When it comes to writing, there are certain axioms writers (and many readers) know very well. A particularly vexing one is this:
Write what you know.
Unfortunately, this phrase is open to interpretation as well as misunderstanding, so every writer's mileage may vary wildly. I confess that it plagued me for years and made it hard for me to get down to the nitty-gritty of what I wanted to write about.
"Write what you know."
Why did this trouble me so? It troubled me because I was a teenager when I first wanted to write for a living, and as such, I had lived a fairly "ordinary" life. Nothing exceptional had ever happened to me. If I wanted to write about the life of a rock-and-roll musician, this so-called logic dictated that I didn't know enough about it to do so. Nor could I write about being a mother (no kids), or being a sex object (soooo not me!) or a pilot, or anything else which came to mind.
I read the work of Hemingway (in school - Old Man and the Sea was the only book of his I ever read for pleasure and halfway enjoyed) and suffer inside. He'd traveled, fought as a soldier, run with the bulls; you know, he'd actually done stuff. While I didn't expect to have my books taught in schools the way his were, I didn't feel like I could ever meet that standard.
I wrote, though, letting my imagination carry me and my writing fulfill my daydreams. When I married the first time (too young, but that's another story), I kept writing and expanded the short stories I'd written for school. I continued to dream, and quietly longed for adventure so I'd have something worth writing.
I knew I had talent. I just needed something to write about.
I continued submitting my work to agents and publishers, and continued to rack up my rejections (so very many rejections!), never realizing my work wasn't up to par for one particular reason: I wasn't putting myself into the story. I don't mean literally writing a character who stood in for me in the story (that would be a 'Mary-Sue' and I was desperately trying to avoid that), but I wasn't digging deep enough into my own inner workings to give the reader something to identify with.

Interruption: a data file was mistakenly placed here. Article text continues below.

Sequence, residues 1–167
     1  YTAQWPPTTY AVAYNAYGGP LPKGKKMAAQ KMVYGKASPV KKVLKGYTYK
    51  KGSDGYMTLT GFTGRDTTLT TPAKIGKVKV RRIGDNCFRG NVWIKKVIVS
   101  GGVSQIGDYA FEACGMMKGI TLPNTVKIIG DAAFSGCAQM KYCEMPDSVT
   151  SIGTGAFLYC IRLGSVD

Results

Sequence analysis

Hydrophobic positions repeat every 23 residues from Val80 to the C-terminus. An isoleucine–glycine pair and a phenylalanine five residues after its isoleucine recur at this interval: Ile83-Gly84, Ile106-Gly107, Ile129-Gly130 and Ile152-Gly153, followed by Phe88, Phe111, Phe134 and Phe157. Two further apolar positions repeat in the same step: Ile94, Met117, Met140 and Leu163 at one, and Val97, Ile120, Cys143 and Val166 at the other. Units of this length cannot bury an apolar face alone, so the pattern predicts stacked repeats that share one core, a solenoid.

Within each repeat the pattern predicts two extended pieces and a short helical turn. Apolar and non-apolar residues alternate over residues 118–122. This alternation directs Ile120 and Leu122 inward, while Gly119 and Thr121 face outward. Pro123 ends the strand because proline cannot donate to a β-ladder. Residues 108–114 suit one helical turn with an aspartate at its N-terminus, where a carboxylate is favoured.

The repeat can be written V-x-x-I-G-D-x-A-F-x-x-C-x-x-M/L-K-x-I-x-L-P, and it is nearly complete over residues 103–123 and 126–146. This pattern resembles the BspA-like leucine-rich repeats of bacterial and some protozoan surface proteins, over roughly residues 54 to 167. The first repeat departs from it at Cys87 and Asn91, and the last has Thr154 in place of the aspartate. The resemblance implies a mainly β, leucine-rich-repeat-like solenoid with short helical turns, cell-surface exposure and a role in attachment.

My life, just like anyone else's, took many, many unexpected turns: divorce, a new long-term relationship, moving across the US, the end of that relationship, another move which took me back to where I'd lived before splitting with my first husband. In the interim I dealt with a very real case of writer's block which lasted five years and managed to significantly derail any progress in my writing self-education. When I finally got back to writing, I finally recognized the lack of emotion in my work, and set about crafting stories which would touch on deeper points.
It wasn't easy. It didn't come naturally. It took ages of writing things I'd never show anyone else. It took crumpling up the paper and throwing it away, deleting the computer file, re-reading and realizing what had seemed so stunning on the first pass was really just a foundation to build on, then razing all the excess and building anew from the germ of an idea I'd started with in the first place.
Eventually I wrote something I wanted to share with everyone. I'd started mining my own wealth of emotional experience and putting it on the page, one way or another. A new novel developed which drew on memories from my life, which I tried my best to share as clearly and honestly as I could, while still giving the story to the main character. It was his story, after all, not mine.
Anyone who was willing to read this project was given a copy and asked for their opinion. I was pretty shameless in this regard, but it went over well enough to tell me I was finally on the right track, even if I hadn't quite reached the destination I had in mind. To my amazement, the story elicited honest-to-goodness tears in several readers, and compelled one very special reader in Italy to contact me and share his thoughts on the first pages.
That novel, as good as it seemed to be, hasn't yet been published. Reading it now I see only that it's a good, solid foundation to build on. I will, one day, but there's a lot of research I'll need to do first.
The thing is, I've come to realize that life itself is research. Every hobby I've ever had was research. Everything I've done in my life is research. Every day I spend living and breathing and feeling is research.
It's all research. My job now is to find the story to go with it.